Secondly, the developing process of the German transitional justice strategy must be consultative and encompass transgenerational actors, especially the youth, affected communities and the strategy’s targeted beneficiaries. Moreover, in so far as African countries are seen as the strategy’s beneficiaries, the government also has to consult key African transitional justice experts, practitioners and policy makers. They must be involved in the development, finalization, and implementation of the strategy. More specifically, consultations with in-country transitional justice experts, policy-makers, researchers and practitioners should be prioritized for developing transitional justice programs for country-specific interventions. Such consultations engender an African context-responsive transitional justice strategy whose processes and interventions address the lived experiences of its beneficiaries.

The transitional justice strategy must not only address the consequences of current African conflicts, but also past challenges as well as the consequences of the structural and systemic perpetuation of inequality, marginalization and exclusion inherited from the colonial era. To this end, over and above the elements of truth, justice, reparations and guarantees of non-recurrence, the following dimensions of transitional justice should imperatively be taken into account.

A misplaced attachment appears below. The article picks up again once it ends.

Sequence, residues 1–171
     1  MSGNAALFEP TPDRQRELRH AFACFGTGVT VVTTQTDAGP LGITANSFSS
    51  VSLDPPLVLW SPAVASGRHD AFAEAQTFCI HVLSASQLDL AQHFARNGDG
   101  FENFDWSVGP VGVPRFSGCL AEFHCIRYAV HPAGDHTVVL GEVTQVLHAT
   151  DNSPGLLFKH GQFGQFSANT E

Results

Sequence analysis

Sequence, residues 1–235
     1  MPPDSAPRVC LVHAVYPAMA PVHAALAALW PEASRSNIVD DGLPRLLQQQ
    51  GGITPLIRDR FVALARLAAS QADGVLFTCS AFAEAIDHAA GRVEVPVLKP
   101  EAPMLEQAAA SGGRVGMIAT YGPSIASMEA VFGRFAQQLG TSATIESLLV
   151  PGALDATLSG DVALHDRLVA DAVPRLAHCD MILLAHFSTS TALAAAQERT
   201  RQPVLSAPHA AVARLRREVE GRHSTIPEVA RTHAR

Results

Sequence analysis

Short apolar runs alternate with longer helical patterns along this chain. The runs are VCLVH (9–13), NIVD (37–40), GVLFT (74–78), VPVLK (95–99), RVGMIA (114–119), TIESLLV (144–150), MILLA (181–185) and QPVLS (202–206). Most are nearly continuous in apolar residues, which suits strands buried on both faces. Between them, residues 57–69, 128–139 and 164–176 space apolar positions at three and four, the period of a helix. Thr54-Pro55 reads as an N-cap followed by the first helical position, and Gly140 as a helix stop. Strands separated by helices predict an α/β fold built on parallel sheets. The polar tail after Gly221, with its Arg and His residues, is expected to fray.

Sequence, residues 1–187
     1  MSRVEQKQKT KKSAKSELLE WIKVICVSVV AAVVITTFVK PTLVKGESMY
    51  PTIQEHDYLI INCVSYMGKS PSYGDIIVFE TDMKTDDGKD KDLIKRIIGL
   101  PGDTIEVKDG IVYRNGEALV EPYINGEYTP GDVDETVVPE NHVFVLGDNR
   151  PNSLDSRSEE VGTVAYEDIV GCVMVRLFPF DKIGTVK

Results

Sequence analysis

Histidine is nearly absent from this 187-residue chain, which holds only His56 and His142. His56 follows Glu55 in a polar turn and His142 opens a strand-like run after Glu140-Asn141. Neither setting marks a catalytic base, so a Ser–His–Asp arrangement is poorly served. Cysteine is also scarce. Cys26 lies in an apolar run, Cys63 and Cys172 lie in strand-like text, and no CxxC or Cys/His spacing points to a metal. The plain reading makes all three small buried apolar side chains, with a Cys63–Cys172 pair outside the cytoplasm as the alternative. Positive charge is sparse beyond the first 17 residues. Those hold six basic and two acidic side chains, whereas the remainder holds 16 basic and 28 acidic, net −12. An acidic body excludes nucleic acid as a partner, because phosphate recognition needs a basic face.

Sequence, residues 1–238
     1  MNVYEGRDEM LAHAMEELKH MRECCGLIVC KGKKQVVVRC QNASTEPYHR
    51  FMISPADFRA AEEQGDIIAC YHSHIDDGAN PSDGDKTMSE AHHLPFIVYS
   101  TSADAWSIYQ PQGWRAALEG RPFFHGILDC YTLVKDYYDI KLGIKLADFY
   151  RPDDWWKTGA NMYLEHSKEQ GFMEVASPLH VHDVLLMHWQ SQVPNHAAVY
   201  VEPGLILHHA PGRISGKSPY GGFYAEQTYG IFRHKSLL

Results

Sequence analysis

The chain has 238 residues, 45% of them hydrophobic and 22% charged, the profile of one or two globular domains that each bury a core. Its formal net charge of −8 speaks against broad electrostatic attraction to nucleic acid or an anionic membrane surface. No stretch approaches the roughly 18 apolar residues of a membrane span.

Redistributive, restorative, transformative and developmental

Redistributive justice is crucial in addressing inequalities and marginalization resulting from the colonial era. For example, it consists of giving back property such as land to expropriated owners.

Restorative justice is essential for the dignity of victims of conflict and violence. The aim is to repair the damages caused by conflicts and violence and to restore victims’ and affected communities’ pre-conflict conditions.

Transformative and developmental justice aims at addressing victims’ structural and systemic vulnerabilities through the improvement of their circumstances and their political empowerment.

Tackling ethno-cultural and socio-economic diversity is imperative

Diversity management is vital given the ethno-cultural, tribal and religious dimensions of African conflicts. Indeed, they often represent both root causes of conflict and fault lines of marginalization and exclusion.

Also, addressing the socio-economic dimensions of conflict through transitional justice is essential as they often constitute root causes for violence and human rights abuses.

Finally, it is important that the German government’s strategy includes provisions for its implementation. This ensures that implementation is embedded within the strategy. Moreover, it provides clarity on various actors’ roles and responsibilities from the onset. Furthermore, once adopted, the strategy should prioritize support and partnership with national and continental transitional justice mechanisms in place. However, such support should not undermine local efforts and approaches to transitional justice, but should complement them and contribute to their effectiveness and success.

English Transitional Justice

Annah Moyo

Annah Moyo is the Advocacy Programme Manager at the Centre for the Study of Violence and Reconciliation (CSVR).